Friday, September 18, 2009

Court restrains Sesa Goa from mining at Advalpal


PANJIM, SEPT 17 While Government turned a blind eye towards mining excesses in Advalpal, villagers today obtained relief from the High Court by virtue of a petition filed by a nine-year old boy who raised the question of sustainability.

The Bombay High Court at Goa on Thursday passed an order restraining Sesa Goa from mining Face 1 and Face 2 of the company’s iron ore mining lease at Advalpal village near Assonora.
The child, Akash Naik in his petition, filed through his mother Sharmila Naik together with Goa Foundation highlighted his grim future in a village that will neither have water nor paddy fields since the mining companies have destroyed all the nallahs, and the sediment from their mining activities has already damaged their paddy fields.

A Division Bench comprising Justice S B Deshmukh and U D Salvi issued the order after hearing arguments for over three hours when petitioner’s counsel Adv Norma Alvares brought out before Court how the company continued its activities in violation of its mining plan.
After the restraint order, the Court posted the matter for further hearing on October 8 to take on board the company’s proposal to remove within a specific time-frame the huge illegal mining dumps it had created along the Advalpal nallah.

Adv Norma explained in detail how Sesa Goa indulged in unsafe mining in violation of its approved mining plan. The petitioners had filed complaints first in March with the Indian Bureau of Mines that illegal dumps were being created by the company along the steep slopes bounding the nullah adjoining their settlement. However, IBM did not take any action except for writing letters.

On the night of June 6, the dumps collapsed in heavy rain and tonnes of mining silt and sediment overflowed into the nullah destroying the concrete embankment and entered people’s homes and paddy fields.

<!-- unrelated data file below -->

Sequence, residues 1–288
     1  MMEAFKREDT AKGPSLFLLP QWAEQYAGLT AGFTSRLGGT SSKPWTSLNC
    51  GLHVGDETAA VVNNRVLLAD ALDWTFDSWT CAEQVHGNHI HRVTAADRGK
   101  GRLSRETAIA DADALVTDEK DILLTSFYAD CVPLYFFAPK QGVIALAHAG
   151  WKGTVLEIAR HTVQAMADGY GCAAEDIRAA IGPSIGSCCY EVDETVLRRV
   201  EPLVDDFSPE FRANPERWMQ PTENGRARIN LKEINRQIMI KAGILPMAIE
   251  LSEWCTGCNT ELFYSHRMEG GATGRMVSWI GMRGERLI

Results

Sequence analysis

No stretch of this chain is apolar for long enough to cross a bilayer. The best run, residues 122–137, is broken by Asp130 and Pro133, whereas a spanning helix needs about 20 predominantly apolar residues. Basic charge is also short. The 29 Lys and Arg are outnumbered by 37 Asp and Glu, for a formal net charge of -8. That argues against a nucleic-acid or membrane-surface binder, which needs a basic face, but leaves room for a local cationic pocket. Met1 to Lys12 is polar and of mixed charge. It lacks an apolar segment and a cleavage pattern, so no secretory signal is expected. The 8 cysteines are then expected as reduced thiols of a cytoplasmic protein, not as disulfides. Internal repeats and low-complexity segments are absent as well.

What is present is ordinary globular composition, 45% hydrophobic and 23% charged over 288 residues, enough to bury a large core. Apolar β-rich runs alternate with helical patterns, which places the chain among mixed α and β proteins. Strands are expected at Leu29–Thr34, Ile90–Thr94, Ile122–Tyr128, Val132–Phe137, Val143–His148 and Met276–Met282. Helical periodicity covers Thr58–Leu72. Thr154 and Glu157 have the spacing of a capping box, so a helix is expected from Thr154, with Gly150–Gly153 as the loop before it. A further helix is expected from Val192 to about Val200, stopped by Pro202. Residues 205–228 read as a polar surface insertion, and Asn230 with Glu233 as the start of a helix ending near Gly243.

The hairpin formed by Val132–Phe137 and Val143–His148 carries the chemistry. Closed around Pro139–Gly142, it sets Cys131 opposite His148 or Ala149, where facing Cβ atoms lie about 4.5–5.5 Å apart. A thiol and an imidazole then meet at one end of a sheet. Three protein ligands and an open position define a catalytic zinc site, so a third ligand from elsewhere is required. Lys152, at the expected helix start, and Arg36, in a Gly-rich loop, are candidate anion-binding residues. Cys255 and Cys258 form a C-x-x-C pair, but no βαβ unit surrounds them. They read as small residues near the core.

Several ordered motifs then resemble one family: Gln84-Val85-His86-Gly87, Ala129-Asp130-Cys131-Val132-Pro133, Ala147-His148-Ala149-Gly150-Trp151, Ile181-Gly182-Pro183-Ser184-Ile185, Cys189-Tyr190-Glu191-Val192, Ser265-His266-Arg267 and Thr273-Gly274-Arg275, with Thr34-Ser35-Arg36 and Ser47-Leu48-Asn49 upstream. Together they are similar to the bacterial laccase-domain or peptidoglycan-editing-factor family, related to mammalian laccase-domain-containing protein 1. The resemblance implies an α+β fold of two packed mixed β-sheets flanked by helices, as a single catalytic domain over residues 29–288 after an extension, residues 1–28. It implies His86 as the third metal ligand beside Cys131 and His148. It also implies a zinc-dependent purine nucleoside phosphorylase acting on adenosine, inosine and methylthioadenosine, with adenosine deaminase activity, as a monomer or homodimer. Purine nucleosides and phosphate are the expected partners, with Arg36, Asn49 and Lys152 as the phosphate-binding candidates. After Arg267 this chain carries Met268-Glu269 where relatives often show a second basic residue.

The petitioner alleged police did not file any FIR nor arrest anyone. On the other hand IBM visited the site ten days after the disaster and discovered that mining company had indeed violated its plan and a notice was issued.

The petitioner’s case was also strengthened by affidavit filed by the Deputy Controller of Mines which stated “that the mining company had violated the provision of the approved mining plan by not dumping the waste in the designated places.”

The site visit was carried out by Dr A N Murthy, Senior Mining Geologist who noted “the environment protection measures required to control the waste from going out of the dump was not adequate.”An expert committee appointed by the Goa Government, pursuant to High Court’s intervention, to examine the situation created by the disaster on June 6, also reported that “the nullah has choked up and overflown into the houses, which suggests that the drains and other related protective works could not cater to the requirement of the heavy rains.”

Herald, Panjim, September 18, 2009

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